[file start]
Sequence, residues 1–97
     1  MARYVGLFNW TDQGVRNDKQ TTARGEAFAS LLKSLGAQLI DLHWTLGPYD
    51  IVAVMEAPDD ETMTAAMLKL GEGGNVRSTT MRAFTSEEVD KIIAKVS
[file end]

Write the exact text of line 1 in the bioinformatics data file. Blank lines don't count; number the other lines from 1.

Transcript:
Sequence, residues 1–97